|Safe Electricity Shares the Story of Lucas Ritz to Raise Electric Shock Drowning Awareness|
For Release: May 21, 2014
Contact: Kyla Kruse, 217-546-6815, firstname.lastname@example.org
More details, including photos and b-roll: www.safeelectricity.org/news-room
Safe Electricity Shares the Story of Lucas Ritz to Raise Electric Shock Drowning Awareness
(SPRINGFIELD, Ill.) -It is a family's nightmare. An enjoyable summer day of swimming-with kids wearing life jackets and their mom closely supervising-turns tragic when a little boy is killed amid the fun in the marina. This is a reality the Ritz family has to live with as they seek to teach others about the hidden danger that claimed 8-year-old Lucas.
"One second he was splashing...having a great time, and the next moment he's quiet," says Lucas' father, Kevin Ritz. What was not visible was the electricity leaking into the water from a boat plugged in to shore power. Lucas was killed as he swam into the energized water.
May 17-23 is National Safe Boating Week and draws attention to the need to prepare for a safe season on the water. Working with Safe Electricity's "Teach Learn Care TLC" program, the Ritz family is taking this time to encourage everyone to learn how to avoid and prevent what is known as electric shock drowning (ESD). A video of Lucas' story is at SafeElectricity.org.
Kevin now works with the American Boat and Yacht Council (ABYC) as an ABYC Master Marine Technician who trains certified technicians and others. He advises, "Never swim in a marina or around docks with power and boats that are plugged in; but, since people fall into the water in these areas, it's important they know how to react if electricity is in the water."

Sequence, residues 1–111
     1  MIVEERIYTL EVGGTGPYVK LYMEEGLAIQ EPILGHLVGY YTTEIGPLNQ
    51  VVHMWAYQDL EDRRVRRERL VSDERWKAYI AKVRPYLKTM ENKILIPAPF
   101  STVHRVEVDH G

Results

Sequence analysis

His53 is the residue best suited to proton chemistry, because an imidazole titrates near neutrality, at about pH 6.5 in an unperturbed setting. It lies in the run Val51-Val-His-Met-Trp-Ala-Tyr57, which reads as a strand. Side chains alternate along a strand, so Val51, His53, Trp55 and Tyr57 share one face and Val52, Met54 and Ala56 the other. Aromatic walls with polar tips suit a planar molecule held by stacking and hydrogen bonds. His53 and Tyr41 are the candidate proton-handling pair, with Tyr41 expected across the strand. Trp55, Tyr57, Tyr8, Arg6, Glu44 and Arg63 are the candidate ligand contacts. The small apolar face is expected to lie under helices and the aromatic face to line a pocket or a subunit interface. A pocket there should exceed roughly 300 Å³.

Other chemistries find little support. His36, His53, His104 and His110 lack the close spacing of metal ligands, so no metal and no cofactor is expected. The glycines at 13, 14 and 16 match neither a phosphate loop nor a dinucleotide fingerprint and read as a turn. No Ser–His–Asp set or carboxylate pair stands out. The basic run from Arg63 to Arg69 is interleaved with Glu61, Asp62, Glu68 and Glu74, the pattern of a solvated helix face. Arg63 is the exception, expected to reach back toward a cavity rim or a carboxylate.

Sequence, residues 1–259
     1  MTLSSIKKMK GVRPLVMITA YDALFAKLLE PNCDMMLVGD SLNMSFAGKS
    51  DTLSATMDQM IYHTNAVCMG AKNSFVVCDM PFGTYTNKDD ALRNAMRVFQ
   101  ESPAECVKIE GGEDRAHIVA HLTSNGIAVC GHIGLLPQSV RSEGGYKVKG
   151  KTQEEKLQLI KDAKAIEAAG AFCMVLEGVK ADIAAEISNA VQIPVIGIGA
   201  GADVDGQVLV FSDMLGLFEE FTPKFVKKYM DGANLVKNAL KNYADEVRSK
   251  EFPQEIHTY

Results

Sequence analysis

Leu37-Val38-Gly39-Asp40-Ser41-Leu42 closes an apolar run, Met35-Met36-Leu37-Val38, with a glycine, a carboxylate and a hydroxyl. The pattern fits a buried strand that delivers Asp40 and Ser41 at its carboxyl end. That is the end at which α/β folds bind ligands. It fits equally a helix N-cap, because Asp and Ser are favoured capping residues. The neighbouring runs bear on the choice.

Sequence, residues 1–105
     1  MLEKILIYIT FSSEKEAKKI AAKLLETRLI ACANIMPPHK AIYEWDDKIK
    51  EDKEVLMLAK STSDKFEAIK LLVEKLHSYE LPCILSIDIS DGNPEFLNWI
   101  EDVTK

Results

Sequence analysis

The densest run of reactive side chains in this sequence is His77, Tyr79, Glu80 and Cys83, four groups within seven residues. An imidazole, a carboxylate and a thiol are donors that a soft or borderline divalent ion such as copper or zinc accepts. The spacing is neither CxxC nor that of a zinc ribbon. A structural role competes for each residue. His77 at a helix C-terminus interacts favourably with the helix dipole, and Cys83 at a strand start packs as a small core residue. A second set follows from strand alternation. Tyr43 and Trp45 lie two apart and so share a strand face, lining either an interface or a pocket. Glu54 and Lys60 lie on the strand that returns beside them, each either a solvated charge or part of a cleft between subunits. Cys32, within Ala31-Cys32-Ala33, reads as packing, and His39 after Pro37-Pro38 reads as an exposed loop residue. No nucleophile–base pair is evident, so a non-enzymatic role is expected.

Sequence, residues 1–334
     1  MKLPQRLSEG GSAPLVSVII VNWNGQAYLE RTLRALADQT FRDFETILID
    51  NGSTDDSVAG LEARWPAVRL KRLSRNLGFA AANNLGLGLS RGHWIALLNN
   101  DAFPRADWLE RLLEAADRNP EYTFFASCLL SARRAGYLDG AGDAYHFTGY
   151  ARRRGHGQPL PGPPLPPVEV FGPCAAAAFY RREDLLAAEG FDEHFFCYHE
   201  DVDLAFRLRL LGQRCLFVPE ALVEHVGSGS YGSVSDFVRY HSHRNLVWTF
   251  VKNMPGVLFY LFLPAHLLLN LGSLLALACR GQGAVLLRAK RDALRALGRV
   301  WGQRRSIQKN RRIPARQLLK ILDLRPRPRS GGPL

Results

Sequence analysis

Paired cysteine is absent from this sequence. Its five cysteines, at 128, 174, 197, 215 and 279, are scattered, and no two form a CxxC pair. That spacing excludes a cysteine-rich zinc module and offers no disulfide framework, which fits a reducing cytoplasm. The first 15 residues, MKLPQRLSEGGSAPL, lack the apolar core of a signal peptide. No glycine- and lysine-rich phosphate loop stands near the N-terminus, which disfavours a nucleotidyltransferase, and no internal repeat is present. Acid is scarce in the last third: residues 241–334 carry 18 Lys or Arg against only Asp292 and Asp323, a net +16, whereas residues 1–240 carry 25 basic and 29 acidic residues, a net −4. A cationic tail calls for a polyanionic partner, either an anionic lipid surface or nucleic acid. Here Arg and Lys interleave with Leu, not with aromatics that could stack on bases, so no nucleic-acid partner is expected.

If you are in the water and feel electric current, shout to let others know, try to stay upright, and swim away from anything that could be energized. If you are on the dock or shore when a swimmer feels electrical current, do not jump in. Throw them a float, turn off the shore power connection at the meter base, and/or unplug shore power cords. Try to eliminate the source of electricity as quickly as possible; then call for help.
If you have a boat or dock, help prevent electrical accidents by inspecting and maintaining all electrical systems on or near the water. These measures are recommended for boats:
What you need to know about electrical safety and docks:
"Every time we have to go back and think about and talk about what happened, it's tough," says Lucas' mom, Sheryl Ritz, "but the reason that we do it is we keep tracking this stuff, and it's still happening. People don't know, and that was us 14 years ago."
Kevin adds, "You don't want this to happen to you....That hole will never be filled, and it's so simple to resolve."
Learn more and see Lucas' story at SafeElectricity.org.
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The Energy Education Council is a 501 (c) 3 non-profit organization dedicated to promoting electrical safety and energy efficiency. Established in 1952, the Council is headquartered within the University of Illinois Extension, and serves as a forum for diverse utility and energy organizations to collaborate on the mutually vital issues of efficiency and safety. Learn more at www.EnergyEdCouncil.org.